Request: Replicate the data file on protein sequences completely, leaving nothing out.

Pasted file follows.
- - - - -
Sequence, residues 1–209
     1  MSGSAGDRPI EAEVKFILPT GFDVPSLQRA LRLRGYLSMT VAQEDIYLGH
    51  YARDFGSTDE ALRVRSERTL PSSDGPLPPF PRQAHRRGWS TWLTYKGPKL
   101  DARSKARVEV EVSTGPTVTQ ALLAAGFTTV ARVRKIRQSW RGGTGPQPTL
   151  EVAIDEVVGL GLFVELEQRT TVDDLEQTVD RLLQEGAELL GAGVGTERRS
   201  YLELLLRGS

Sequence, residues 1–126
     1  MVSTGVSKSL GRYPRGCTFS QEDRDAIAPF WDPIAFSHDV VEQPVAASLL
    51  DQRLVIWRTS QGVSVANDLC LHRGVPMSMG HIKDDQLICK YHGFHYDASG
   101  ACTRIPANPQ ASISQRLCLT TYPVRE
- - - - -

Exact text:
Sequence, residues 1–209
     1  MSGSAGDRPI EAEVKFILPT GFDVPSLQRA LRLRGYLSMT VAQEDIYLGH
    51  YARDFGSTDE ALRVRSERTL PSSDGPLPPF PRQAHRRGWS TWLTYKGPKL
   101  DARSKARVEV EVSTGPTVTQ ALLAAGFTTV ARVRKIRQSW RGGTGPQPTL
   151  EVAIDEVVGL GLFVELEQRT TVDDLEQTVD RLLQEGAELL GAGVGTERRS
   201  YLELLLRGS

Sequence, residues 1–126
     1  MVSTGVSKSL GRYPRGCTFS QEDRDAIAPF WDPIAFSHDV VEQPVAASLL
    51  DQRLVIWRTS QGVSVANDLC LHRGVPMSMG HIKDDQLICK YHGFHYDASG
   101  ACTRIPANPQ ASISQRLCLT TYPVRE